The Massachusetts General Hospital Division of Surgical Oncology answers your frequently asked questions about surgery for cancer.

surgical oncology consultation

Frequently Asked Questions

Our team answers your
questions about:

How Surgical Oncology Works

Q:  What is the difference between a surgical oncologist and a general surgeon?
A:
  Surgical oncologists at Mass General are board certified in general surgery and have undergone additional specialty training in cancer surgery. Each surgeon in the Division of Surgical Oncology focuses his or her clinical practice on the management of only one or two types of cancer, ensuring patients receive a high degree of specialization and expertise.

Q: Do I need to see a surgical oncologist (specialist in cancer surgery) rather than a generalist?
A:
 It is not possible to accurately predict which patients will benefit by having their care provided by a specialist rather than a generalist. Accordingly, the Division of Surgical Oncology at Mass General makes its services available to all cancer patients. At times, a case that appears to be “straightforward” may actually be more complicated or may become more complicated. Surgical oncologists are specialized, having focused their practices on one or two specific cancers. Because of specialization, surgical oncologists may have access to newer approaches and/or clinical trials of which non-specialists may not be aware.

Q: If I have already seen a surgeon, do I need a second opinion?
A:
It is very common for patients to seek a second opinion for their diagnosis. Physicians are aware that this happens frequently and are not offended when told by their patients that they would like to see another doctor. Copies of records and films are easily duplicated by the hospital or doctor’s office for the second opinion. After consultation with a surgical oncologist at Mass General, you may choose to return to your first surgeon for your operation, or you may decide to transfer your care to Mass General. The decision is entirely up to you.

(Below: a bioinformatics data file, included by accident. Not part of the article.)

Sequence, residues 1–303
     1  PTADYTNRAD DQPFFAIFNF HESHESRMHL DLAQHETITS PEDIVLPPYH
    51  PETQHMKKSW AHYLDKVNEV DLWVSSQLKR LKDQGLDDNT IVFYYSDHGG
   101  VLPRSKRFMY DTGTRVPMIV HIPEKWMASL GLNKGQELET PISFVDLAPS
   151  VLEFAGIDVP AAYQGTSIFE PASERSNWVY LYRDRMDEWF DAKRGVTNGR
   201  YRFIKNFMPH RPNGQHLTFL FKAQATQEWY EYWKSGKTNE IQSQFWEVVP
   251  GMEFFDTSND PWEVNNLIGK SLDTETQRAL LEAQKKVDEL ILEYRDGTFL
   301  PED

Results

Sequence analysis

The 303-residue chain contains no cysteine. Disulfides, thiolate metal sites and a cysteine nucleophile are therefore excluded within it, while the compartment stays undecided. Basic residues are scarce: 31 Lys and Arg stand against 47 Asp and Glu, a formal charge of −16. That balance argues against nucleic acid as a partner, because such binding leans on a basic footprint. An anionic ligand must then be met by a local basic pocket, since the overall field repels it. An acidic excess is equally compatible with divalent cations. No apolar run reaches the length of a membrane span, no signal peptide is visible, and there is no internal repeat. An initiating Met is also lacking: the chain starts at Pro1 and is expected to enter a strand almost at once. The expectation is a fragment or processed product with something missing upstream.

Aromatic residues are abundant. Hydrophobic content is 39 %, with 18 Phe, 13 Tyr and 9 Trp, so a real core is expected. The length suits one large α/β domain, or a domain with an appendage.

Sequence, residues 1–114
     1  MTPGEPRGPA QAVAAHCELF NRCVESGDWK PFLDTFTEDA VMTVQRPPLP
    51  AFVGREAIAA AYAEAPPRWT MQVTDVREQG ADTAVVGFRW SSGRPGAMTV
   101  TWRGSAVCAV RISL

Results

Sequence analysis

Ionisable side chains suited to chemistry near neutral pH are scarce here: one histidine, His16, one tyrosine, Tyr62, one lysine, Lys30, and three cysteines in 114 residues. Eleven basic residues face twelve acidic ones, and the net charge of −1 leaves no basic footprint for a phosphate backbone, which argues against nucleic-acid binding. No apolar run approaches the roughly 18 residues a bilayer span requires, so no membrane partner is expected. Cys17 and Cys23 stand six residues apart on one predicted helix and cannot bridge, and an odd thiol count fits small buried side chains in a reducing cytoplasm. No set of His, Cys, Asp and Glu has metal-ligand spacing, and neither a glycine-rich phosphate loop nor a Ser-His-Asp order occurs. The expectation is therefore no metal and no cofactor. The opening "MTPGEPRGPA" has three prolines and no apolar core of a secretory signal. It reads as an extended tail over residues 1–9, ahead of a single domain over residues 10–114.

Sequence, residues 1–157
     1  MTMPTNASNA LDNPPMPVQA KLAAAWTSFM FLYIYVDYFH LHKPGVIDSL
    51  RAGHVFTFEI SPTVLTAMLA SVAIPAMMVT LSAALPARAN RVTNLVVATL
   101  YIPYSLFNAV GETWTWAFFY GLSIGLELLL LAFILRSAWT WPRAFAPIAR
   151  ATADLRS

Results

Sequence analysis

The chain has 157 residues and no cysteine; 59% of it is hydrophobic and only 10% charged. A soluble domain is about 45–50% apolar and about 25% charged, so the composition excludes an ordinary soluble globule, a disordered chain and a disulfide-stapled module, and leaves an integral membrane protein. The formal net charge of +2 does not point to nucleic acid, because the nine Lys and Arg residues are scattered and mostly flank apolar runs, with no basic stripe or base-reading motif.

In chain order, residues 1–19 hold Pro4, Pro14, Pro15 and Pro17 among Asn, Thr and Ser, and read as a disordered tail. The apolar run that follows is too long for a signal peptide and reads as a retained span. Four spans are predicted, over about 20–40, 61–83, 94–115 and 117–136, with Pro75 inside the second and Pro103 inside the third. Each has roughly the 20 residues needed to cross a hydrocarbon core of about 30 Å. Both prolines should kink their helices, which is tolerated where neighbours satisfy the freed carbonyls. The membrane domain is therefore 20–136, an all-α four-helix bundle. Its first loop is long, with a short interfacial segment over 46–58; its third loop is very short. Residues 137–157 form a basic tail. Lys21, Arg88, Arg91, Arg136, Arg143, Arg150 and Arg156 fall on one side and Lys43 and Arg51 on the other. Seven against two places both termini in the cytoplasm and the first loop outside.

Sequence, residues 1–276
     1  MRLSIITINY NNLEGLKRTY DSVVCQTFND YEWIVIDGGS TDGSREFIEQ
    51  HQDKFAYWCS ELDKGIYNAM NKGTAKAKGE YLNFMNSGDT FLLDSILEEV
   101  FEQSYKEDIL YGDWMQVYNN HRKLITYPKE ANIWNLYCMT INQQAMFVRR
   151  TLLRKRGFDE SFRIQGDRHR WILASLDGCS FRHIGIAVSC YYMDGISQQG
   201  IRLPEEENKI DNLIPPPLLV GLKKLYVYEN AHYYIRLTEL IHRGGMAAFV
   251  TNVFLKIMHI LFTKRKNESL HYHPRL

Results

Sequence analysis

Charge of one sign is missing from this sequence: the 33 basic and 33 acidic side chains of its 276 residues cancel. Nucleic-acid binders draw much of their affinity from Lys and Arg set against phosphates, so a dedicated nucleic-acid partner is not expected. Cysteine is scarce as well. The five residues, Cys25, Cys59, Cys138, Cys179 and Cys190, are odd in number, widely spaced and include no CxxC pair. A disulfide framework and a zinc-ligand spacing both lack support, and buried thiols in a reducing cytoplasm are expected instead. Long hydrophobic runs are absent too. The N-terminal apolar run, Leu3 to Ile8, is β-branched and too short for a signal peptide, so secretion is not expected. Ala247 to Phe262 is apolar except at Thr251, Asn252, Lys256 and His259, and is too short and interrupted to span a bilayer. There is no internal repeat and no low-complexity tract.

Benefits of obtaining a second opinion may include:

  • Increasing your confidence in the recommended treatment plan
  • Hearing an alternate opinion
  • Learning about opportunities for clinical trials
  • After providing an opinion, your Mass General surgical oncologist will be pleased to help you obtain another opinion, if requested

Q: What is a multidisciplinary clinic?
A:
Multidisciplinary clinic sessions at the Mass General Cancer Center comprise clinicians from different disciplines, including surgical oncology, medical oncology, radiation oncology, radiology, pathology, nursing and social services. This team evaluates patients, their records, and any pathology slides or X-rays to formulate a diagnosis and treatment plan. Multidisciplinary team evaluation provides patients with the benefit of receiving input from multiple physicians during a single clinic appointment. This results in a comprehensive evaluation and a plan tailored specifically to the patient. Additionally, weekly conferences are held among clinicians to discuss complex cases. Patients benefit from these discussions as clinicians share their expertise and help identify potential treatment plans.

The Division of Surgical Oncology is physically located within the Mass General Cancer Center. This location facilitates on-the-spot, multidisciplinary treatment planning with other Cancer Center oncologists, even when patients are not scheduled for a multidisciplinary clinic visit.

Q: Is the Mass General Cancer Center a Comprehensive Cancer Center designated by the National Cancer Institute?
A:
Yes. The Mass General Cancer Center is one of the seven Harvard University institutions that jointly comprise the Dana-Farber/Harvard Cancer Center, which was designated a Comprehensive Cancer Center by the National Cancer Institute in 1999. A Comprehensive Cancer Center combines the disciplines of laboratory science, clinical science and basic research to facilitate the development of new and improved techniques to prevent and treat cancer.

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